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'Nuclear option' attacked

Plans for a centralised sixth-form college in Carlisle will leave rural students stranded, warns an MP.

The Learning and Skills Council would be wrong to impose the "nuclear option" of setting up the new centre, which would replace sixth-forms in schools in Carlisle and the surrounding area.

The Carlisle review comes after the LSC took over control of school sixth-form funding from local education authorities, and follows the announcement of plans to merge the county's four general FE colleges.

Eric Martlew, MP for Carlisle, is concerned that two of the schools are outside the area and the students they serve would struggle to get into town to study.

He says the existence of seven sixth forms provides choice. Even if staying-on rates were improved to acceptable levels, he argues, there would still be enough surplus places for students to change schools at sixth-form level.

He said: "What they have done is to use the nuclear option just to close all the sixth forms.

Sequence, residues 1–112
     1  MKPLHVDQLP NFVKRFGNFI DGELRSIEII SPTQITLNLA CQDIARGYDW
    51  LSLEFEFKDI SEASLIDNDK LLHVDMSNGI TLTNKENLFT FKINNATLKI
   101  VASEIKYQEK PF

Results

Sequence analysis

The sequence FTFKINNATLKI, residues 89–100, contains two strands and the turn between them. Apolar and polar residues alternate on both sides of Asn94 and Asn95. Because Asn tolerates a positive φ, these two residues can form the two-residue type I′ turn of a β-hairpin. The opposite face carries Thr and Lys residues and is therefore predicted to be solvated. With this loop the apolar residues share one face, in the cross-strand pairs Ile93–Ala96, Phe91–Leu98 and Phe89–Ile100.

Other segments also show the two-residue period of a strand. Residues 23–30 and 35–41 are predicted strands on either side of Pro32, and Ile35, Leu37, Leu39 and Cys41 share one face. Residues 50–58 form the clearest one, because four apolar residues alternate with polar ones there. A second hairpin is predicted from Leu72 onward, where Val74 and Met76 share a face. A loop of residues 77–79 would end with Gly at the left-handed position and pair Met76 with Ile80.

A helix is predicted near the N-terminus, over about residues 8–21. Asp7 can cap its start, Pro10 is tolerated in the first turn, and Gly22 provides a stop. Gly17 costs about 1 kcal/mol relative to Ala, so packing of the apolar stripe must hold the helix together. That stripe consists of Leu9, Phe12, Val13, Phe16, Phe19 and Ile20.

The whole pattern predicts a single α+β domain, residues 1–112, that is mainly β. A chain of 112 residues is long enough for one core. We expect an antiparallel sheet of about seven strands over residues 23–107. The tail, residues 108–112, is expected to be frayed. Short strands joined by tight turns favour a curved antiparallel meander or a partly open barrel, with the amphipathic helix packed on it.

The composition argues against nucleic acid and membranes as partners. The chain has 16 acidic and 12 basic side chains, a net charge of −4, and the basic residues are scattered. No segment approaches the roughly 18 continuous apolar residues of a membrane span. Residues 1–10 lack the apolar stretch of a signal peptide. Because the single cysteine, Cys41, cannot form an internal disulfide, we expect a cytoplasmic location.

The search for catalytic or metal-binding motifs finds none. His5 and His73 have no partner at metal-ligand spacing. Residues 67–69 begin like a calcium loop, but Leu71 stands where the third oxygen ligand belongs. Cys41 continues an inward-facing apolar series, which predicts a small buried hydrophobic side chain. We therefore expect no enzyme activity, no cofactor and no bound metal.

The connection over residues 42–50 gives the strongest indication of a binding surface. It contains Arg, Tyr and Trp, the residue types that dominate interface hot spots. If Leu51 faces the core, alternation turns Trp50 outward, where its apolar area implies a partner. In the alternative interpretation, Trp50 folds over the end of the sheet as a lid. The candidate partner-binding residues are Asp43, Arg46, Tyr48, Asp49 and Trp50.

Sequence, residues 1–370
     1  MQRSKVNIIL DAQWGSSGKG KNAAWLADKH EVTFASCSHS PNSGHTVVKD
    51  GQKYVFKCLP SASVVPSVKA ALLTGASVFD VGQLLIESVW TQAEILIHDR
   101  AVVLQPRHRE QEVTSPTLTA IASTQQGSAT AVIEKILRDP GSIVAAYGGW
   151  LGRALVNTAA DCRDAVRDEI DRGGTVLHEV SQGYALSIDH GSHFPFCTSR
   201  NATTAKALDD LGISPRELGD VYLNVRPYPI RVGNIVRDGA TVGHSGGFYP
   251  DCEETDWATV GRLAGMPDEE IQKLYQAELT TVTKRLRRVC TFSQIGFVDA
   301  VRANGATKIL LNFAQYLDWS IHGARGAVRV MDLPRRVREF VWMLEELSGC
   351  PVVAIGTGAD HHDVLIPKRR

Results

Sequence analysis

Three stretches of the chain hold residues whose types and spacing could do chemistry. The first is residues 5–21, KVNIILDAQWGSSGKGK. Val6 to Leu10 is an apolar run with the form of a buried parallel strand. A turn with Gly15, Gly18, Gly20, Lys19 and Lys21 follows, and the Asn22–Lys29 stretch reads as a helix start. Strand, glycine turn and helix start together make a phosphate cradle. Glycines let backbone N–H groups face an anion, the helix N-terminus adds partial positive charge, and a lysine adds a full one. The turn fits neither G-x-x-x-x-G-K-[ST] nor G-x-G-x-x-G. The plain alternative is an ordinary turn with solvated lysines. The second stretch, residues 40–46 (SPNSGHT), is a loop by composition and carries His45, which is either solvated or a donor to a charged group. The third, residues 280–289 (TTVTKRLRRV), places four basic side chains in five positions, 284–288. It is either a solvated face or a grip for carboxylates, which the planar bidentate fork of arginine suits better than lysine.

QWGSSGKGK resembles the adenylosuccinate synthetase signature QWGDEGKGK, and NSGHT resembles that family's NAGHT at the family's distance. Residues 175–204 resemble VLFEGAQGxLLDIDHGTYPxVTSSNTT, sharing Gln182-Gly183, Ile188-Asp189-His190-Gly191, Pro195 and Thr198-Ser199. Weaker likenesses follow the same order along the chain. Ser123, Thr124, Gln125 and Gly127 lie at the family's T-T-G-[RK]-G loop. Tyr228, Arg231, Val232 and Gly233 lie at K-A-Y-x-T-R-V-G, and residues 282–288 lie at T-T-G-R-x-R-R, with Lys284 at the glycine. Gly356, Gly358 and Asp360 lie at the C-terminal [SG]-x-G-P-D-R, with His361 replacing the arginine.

"If the schools don't like the LSC option they should come up with another one which allows youngsters the same opportunities as other parts of the country."

He and David Maclean, MP for neighbouring Penrith, both raised their concerns about the issue in the House of Commons last week.

The number of teenagers staying on at 16 is lower in Carlisle, at 74.4 per cent, than the rest of Cumbria and the national average, at 86.5 per cent.

The latest figures show 23 per cent of lower-sixth form students dropped out - compared with a national average of 13 per cent.

The proportion staying on after the first year of sixth form is also lower than in the rest of Cumbria or the average in the rest of England. Mick Farley, executive director of Cumbria LSC, said other options would be considered, including allowing the two outlying schools to retain sixth forms.

He said: "The consultation goes on until the end of the month."

If the LSC recommends going ahead with the sixth-form centre, there will be a further two-month consultation period for objections before a final decision is taken by the Education Secretary Charles Clarke.

The plans are supported by Carlisle college and one of the seven schools which would lose their sixth forms. The LSC believes a single centre in Carlisle would be large enough to offer a wider range of courses.

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